Tolerance best defence against eelworm
GroundCover™ Issue: 21
Variety trials in Queensland have demonstrated that an ounce of tolerance is worth a tonne (or more) in extra yield when it comes to dealing with root lesion nematode (RLN).
Root lesion nematodes (Pratylenchus species) occur in cropping paddocks in South Australia and Victoria as well as the northern wheat belt. Pratylenchus can cause significant yield losses, which may be as high as 40 per cent.
Pratylenchus has a much wider host range than cereal cyst nematode (CCN), including wheat, barley, oats and chickpeas, as well as pastures (medics and subclover). Wheat-chickpea rotations are particularly susceptible, although resistance can vary in individual varieties.
"Where soil nitrogen is not limiting but nematodes are present, wheat varieties like Sunvale and Pelsart can show gross margins of up to three times those of intolerant varieties and double those of barley," said John Thompson, principal soil microbiologist and leader of the Queensland Wheat Research Institute's (QWRFs) RLN research team.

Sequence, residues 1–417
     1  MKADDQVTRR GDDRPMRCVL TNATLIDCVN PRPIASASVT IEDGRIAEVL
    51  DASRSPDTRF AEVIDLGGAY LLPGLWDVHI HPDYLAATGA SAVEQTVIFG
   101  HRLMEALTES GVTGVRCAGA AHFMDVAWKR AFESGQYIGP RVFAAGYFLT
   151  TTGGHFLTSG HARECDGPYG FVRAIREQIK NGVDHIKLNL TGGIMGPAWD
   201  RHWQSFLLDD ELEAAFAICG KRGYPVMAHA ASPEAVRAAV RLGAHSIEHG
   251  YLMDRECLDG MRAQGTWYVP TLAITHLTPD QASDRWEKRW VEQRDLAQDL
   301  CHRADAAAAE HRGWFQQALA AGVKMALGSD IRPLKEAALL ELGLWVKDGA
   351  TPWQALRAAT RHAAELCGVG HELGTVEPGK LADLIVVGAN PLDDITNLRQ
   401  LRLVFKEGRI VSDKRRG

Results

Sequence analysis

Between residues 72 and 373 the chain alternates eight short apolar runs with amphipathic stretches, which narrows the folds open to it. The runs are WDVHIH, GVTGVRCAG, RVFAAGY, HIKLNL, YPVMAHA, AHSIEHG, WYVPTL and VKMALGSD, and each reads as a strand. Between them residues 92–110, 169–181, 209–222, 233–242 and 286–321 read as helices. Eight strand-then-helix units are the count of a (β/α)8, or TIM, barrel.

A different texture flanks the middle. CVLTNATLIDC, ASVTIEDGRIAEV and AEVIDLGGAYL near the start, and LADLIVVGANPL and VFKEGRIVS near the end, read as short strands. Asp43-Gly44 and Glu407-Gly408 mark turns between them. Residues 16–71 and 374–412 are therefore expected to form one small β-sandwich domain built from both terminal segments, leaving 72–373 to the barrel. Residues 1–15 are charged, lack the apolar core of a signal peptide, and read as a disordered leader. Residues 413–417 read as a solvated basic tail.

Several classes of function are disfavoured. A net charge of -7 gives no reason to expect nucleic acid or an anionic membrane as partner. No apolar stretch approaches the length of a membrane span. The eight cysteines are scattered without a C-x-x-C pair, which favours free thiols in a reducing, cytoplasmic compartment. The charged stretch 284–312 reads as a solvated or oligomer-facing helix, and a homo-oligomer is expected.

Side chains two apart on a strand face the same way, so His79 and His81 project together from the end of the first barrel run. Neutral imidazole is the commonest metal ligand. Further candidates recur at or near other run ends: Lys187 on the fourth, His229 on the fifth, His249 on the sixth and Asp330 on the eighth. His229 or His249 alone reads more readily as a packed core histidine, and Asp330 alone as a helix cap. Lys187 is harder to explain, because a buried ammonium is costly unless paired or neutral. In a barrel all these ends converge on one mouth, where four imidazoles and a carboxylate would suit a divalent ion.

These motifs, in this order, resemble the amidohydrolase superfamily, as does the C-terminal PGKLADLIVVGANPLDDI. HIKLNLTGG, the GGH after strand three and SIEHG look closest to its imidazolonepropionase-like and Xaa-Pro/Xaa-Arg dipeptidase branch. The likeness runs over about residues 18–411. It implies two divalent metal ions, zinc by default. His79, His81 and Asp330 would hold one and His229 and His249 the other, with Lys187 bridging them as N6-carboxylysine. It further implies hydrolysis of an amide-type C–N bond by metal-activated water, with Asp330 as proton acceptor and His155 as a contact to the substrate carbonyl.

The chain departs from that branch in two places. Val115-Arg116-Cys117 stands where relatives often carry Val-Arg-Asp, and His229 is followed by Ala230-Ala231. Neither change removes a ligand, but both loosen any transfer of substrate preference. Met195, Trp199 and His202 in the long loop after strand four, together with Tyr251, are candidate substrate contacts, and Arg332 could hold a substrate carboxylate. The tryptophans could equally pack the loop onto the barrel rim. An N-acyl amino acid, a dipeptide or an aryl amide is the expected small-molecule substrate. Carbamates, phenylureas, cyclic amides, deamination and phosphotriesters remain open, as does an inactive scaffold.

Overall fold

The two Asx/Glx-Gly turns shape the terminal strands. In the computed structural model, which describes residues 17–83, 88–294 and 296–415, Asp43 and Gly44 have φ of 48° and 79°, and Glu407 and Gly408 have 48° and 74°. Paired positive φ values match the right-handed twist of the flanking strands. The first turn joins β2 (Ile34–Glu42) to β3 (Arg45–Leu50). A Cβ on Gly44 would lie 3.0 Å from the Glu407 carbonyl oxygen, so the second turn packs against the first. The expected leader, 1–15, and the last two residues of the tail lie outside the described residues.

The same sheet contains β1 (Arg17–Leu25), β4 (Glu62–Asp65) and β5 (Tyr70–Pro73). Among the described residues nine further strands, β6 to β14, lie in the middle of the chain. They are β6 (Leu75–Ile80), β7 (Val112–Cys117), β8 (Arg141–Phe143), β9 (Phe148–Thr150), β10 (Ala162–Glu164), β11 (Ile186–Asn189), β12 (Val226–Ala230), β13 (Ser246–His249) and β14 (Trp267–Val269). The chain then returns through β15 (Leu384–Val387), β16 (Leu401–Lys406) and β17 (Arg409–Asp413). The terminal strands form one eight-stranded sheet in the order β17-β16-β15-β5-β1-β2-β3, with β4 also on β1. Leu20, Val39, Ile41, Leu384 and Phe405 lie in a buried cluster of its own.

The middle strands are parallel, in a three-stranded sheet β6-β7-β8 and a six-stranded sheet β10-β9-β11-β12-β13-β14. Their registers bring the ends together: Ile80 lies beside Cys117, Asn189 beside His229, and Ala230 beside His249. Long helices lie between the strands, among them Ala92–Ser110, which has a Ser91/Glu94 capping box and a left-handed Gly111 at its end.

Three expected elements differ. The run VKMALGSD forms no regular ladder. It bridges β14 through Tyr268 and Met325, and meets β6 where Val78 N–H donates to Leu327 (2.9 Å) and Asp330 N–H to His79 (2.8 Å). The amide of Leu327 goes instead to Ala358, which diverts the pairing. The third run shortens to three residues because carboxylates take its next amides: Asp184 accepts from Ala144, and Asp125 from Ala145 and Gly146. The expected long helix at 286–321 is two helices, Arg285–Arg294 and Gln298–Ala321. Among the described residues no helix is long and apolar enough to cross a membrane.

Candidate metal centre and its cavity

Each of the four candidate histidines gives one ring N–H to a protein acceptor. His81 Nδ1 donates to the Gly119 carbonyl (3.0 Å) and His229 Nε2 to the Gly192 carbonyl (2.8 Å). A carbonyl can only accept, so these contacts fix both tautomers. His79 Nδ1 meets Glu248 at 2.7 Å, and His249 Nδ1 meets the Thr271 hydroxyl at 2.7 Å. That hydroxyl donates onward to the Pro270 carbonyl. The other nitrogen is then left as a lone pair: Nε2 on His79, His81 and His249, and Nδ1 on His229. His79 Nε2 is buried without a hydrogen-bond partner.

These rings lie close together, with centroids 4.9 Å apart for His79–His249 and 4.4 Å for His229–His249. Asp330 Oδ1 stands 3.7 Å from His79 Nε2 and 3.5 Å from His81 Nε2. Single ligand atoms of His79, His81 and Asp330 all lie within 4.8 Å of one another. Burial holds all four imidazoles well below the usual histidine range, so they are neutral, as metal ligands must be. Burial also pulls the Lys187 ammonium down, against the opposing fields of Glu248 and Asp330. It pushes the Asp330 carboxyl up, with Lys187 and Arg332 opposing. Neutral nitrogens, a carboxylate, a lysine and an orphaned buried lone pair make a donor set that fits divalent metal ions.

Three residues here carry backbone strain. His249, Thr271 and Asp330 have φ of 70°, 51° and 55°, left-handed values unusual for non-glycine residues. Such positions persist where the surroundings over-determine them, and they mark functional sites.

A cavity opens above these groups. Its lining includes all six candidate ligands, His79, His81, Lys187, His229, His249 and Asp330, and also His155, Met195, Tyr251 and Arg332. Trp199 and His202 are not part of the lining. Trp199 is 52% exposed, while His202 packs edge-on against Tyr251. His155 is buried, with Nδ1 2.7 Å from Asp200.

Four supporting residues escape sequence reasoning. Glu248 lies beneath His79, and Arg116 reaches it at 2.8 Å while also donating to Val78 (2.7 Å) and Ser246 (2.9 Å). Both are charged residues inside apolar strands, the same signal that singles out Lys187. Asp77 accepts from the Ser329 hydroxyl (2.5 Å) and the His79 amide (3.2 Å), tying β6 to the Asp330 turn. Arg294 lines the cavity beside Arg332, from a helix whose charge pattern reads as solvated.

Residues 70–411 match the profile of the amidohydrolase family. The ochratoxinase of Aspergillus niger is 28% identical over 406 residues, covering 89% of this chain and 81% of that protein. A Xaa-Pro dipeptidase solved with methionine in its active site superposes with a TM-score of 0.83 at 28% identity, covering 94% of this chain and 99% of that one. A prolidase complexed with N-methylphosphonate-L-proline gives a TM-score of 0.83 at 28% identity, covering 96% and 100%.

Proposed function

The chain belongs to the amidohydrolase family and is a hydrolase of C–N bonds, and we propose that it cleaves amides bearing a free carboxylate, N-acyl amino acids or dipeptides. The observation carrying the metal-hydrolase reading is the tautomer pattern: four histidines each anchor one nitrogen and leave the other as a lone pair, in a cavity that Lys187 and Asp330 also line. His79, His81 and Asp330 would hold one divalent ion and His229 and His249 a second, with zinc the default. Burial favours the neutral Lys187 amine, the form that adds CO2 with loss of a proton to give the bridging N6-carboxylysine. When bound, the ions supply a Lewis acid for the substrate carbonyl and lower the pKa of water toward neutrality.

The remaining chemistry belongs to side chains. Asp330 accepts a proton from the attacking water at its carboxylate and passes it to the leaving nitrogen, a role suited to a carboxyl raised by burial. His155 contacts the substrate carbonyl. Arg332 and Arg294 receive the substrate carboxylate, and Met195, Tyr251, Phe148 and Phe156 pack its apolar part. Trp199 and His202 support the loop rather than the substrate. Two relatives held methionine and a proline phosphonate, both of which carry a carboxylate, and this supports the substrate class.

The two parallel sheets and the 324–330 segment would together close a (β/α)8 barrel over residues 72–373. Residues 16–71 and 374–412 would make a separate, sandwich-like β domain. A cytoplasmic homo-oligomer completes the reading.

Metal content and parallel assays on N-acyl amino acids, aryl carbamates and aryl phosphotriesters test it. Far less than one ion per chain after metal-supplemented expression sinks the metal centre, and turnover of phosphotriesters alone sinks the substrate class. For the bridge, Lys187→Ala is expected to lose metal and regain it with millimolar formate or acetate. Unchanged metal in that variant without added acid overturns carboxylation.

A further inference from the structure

The table below shows what he means. Given the dollars at stake, Dr Thompson urged growers to test their paddocks for nematodes before the winter planting season.
Dr Thompson said QWRI would conduct a laboratory analysis of soil samples collected by farmers and determine the nematode status of any paddock at a cost of $90 a paddock.
He said growers could obtain submission forms for the required details of paddock history from QWRI as well as detailed instructions for soil collection.
Pratylenchus symptoms may not be pronounced, and can be confused with other crop maladies.
Program 1.6.1 Contact: Dr John Thompson 07 4639 8888
In SA, the soil assay test is available from Alan McKay, SARDI Plant Pathology Unit, 08 303 9375. In Victoria, it is available through VIDA, Horsham, Grant Hollaway, 03 5362 2111. A fee is charged for each sample assessed.
The soil test is not available in NSW, but northern NSW farmers could send samples to QWRI for testing.
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